Post Mortem Debugging Overview

Throughout my career in software development I have come across issues that are tough to capture or only seem to occur in production. Each time I encountered these situations I would say to myself, there has to be something better.

Post Mortem debugging allows you, through the use of several tools, to take a memory dump when an issue occurs and later analyze it offline. Assuming that there are other developers out there with the same issue I have decided to write a series of posts outlining how to do just this.

I will break this series into several steps:

  1. Post Mortem Debugging Overview (this posting)
  2. How to collect a memory dump using ADPLUS and DebugDiag
  3. How to setup WinDBG
  4. Basic analysis of an unmanaged memory dump (C++)
  5. Basic analysis of a managed memory dump (.NET)

A memory dump is a snapshot of a portion of memory at an instance in time.


When capturing a memory dump there are options used to identify the amount of memory to be captured. The dumps for user mode typically are referred to either mini or full memory dumps. Ironically a mini memory dump with specific flags set can actually result in a larger file being generated.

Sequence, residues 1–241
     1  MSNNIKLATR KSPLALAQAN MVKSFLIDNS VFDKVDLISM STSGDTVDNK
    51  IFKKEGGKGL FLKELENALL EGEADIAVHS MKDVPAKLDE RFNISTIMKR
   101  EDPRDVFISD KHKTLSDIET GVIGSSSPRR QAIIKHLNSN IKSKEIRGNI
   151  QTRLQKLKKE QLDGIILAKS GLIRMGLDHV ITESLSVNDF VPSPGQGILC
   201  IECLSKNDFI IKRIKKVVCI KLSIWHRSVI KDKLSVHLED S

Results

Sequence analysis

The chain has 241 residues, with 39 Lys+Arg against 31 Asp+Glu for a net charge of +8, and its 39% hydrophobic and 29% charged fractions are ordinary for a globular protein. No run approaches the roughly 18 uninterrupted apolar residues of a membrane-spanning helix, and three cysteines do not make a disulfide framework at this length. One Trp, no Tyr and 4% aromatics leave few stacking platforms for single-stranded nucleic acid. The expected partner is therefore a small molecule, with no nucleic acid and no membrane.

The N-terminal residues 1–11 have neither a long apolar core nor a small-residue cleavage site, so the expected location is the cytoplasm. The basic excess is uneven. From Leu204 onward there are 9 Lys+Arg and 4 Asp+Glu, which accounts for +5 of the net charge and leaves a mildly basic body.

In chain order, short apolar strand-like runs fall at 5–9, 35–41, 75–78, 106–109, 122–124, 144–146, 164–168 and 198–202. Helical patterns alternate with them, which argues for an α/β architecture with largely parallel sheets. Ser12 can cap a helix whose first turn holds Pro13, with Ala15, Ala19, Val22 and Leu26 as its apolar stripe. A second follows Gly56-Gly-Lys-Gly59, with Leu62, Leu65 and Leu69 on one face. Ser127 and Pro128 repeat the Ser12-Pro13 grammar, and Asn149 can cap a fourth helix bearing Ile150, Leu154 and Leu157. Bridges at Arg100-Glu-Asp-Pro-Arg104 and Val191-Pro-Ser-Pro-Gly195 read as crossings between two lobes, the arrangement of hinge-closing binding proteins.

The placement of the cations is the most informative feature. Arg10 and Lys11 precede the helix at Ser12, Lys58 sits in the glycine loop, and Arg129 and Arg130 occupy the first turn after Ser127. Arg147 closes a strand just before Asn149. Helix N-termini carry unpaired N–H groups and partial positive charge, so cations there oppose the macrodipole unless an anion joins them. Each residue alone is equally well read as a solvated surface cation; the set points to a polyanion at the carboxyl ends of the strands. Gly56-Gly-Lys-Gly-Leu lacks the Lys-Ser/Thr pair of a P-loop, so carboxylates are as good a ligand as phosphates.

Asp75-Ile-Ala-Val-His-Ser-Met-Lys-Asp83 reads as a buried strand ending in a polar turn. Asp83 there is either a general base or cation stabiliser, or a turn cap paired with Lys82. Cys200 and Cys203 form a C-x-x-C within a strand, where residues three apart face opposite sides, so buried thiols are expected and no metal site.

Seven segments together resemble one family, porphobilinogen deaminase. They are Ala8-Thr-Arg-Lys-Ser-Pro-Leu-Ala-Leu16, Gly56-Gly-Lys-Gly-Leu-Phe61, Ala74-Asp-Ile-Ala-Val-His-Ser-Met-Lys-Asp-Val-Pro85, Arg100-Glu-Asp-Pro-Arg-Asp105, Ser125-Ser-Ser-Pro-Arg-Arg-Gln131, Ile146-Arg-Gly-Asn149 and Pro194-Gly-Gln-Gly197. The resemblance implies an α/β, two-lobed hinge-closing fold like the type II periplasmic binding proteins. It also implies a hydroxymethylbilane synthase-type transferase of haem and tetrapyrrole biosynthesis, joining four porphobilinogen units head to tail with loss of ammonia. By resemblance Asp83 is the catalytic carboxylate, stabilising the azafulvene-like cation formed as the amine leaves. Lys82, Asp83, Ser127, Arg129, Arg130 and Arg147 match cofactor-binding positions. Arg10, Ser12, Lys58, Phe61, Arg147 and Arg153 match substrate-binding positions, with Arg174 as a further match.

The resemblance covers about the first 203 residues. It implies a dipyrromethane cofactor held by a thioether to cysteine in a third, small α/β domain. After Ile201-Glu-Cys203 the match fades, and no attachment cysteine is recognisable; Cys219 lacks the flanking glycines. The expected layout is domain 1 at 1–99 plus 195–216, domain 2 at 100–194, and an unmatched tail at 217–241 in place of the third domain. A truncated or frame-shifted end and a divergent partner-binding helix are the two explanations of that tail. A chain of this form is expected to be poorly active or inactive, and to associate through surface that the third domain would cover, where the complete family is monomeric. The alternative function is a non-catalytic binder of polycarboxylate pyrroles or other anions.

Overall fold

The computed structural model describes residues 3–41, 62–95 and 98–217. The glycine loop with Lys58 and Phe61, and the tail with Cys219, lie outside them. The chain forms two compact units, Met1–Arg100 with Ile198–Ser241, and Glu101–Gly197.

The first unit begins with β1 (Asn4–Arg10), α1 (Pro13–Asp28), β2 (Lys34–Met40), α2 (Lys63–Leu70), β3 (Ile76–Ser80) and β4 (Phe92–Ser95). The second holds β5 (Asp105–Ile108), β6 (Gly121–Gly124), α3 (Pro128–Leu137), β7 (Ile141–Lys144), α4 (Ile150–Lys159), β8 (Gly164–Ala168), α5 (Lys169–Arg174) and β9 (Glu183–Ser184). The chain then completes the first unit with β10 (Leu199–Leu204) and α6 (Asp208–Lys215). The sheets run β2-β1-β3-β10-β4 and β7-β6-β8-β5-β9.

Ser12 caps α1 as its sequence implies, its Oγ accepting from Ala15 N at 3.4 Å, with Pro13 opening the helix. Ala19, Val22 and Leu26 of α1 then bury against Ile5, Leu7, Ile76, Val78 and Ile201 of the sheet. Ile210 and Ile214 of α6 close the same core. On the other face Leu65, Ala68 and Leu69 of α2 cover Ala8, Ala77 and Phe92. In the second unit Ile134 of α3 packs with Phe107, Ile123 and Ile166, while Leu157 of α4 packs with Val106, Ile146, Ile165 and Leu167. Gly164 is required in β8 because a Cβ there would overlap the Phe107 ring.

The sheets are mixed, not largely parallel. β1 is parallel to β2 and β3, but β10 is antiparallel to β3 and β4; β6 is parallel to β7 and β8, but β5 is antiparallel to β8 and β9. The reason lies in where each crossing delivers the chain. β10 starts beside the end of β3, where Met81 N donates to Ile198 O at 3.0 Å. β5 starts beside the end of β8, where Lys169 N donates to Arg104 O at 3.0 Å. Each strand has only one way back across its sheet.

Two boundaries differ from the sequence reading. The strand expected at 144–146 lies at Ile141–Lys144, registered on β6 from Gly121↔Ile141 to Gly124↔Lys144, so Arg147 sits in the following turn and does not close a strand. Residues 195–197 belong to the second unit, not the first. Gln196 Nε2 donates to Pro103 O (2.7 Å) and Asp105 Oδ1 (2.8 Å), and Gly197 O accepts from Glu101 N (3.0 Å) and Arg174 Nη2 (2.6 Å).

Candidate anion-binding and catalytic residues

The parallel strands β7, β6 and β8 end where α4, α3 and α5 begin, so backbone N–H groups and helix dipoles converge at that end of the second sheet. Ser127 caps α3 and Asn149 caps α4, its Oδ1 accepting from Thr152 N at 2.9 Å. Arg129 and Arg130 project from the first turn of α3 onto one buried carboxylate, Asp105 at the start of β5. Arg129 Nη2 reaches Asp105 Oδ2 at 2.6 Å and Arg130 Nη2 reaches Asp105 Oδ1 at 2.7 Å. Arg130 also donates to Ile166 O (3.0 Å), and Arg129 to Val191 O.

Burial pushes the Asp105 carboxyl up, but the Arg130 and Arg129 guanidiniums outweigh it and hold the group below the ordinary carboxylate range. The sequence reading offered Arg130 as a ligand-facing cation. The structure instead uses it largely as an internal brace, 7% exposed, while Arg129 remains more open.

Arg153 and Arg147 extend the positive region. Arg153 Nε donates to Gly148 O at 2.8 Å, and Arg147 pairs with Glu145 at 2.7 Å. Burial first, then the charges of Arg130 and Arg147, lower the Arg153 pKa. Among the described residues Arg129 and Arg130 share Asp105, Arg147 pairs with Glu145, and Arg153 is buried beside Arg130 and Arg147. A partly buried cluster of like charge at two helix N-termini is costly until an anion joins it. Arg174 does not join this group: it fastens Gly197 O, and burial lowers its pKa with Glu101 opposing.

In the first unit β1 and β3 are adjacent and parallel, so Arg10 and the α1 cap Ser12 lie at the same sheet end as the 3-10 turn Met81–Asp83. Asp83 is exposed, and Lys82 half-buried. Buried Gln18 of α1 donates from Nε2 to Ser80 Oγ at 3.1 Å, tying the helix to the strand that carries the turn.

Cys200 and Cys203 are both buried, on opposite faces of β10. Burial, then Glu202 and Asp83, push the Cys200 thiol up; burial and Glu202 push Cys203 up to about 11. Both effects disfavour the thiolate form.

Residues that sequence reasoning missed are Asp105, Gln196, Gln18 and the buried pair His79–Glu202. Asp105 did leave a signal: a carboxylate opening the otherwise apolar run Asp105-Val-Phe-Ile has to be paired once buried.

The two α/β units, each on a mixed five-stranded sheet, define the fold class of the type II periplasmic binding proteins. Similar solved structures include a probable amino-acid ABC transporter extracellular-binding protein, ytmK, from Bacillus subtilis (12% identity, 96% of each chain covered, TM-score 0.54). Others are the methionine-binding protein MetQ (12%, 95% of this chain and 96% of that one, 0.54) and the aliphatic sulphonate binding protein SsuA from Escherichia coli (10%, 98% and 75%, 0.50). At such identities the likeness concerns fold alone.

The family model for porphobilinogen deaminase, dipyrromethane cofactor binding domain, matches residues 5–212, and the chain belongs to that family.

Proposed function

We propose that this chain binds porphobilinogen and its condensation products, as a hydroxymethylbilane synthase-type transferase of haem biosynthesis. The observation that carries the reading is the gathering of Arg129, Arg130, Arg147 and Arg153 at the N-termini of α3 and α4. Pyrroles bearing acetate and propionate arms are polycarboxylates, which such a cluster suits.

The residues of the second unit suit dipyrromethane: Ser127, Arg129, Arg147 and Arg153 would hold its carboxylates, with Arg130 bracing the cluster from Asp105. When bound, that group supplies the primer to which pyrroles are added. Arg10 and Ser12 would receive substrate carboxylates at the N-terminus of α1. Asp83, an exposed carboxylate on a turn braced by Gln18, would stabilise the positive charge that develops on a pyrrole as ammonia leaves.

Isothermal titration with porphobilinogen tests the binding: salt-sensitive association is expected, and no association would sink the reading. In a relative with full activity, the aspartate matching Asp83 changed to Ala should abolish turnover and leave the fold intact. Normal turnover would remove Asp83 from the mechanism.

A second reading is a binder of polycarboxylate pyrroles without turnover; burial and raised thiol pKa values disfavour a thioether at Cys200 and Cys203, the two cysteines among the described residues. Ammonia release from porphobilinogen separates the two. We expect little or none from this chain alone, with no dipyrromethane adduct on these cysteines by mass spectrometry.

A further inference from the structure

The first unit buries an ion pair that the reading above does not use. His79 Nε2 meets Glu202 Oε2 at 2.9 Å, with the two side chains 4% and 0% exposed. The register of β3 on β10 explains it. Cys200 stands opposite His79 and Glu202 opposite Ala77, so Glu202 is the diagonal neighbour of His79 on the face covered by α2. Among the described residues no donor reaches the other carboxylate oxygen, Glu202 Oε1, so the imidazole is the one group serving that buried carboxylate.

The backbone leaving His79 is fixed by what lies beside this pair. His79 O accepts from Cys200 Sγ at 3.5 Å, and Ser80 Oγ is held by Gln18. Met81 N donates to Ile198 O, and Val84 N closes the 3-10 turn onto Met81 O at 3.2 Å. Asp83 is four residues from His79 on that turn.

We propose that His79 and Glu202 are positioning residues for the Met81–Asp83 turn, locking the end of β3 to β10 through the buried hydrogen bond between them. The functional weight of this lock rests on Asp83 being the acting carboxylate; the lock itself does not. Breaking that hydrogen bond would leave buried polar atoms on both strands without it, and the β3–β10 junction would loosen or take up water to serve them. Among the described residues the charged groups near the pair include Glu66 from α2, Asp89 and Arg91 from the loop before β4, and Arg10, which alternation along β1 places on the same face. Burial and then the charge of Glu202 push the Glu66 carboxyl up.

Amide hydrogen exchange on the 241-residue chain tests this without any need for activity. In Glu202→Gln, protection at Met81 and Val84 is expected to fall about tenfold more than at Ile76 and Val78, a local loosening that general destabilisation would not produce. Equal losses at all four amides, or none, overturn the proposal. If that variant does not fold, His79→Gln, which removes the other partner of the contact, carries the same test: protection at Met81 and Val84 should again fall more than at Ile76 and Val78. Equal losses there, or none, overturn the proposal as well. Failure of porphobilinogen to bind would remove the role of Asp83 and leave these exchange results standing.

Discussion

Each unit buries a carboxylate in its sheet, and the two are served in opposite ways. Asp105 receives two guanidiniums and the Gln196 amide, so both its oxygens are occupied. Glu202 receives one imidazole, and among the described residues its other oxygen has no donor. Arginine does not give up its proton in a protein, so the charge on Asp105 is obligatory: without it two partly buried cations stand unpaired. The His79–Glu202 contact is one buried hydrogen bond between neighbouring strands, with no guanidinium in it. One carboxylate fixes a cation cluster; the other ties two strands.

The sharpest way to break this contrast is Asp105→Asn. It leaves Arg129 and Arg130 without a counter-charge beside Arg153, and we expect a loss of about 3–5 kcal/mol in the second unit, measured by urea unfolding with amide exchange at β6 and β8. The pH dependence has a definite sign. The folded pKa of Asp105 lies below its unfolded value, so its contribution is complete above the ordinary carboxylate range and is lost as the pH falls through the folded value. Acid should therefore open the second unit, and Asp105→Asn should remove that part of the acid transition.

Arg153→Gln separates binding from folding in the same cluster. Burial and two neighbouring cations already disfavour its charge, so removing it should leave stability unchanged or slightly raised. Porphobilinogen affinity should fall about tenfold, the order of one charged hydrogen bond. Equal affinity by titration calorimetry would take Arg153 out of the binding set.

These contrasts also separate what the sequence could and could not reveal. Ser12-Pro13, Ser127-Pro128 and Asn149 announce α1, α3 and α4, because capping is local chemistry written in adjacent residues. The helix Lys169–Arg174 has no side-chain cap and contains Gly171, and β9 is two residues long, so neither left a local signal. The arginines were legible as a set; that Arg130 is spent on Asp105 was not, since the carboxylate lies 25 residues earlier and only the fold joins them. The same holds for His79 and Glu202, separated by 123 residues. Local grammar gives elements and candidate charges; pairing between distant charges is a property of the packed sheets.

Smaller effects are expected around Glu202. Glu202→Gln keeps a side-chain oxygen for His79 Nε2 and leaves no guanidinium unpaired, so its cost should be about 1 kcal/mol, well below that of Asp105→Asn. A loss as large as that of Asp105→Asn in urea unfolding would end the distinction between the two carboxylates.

An important thing to understand is that memory dumps are point in time. Think of these as being similar to a photograph. The photograph does not identify the circumstances that led up to it and as such it can be misinterpreted.

Creating a memory dump is typically done using ADPLUS or DebugDiag. After the memory dump is captured WinDBG comes into play for the final analysis.

Symbols are an important concept to understand when analyzing a memory dump. In simple terms a symbol is a name assigned to a location in memory. In the case of private symbols they include function names, types, parameters, variables and line numbers. Public symbols do not include the line numbers and local variables in an effort to protect intellectual property.

Symbol files have a dbg and pdb extension, with that latter being the newer format. The debugger determines the proper symbol file by analyzing the PE header which contains in the case of a PDB file the PDB signature and age. Every time code is compiled it will generate a new signature and age stamp making any older pdb’s obsolete, even if nothing is changed. This means that the symbol files in use should be the ones that were created from the build being debugged.

In the next posting I will outline how to collect a memory dump.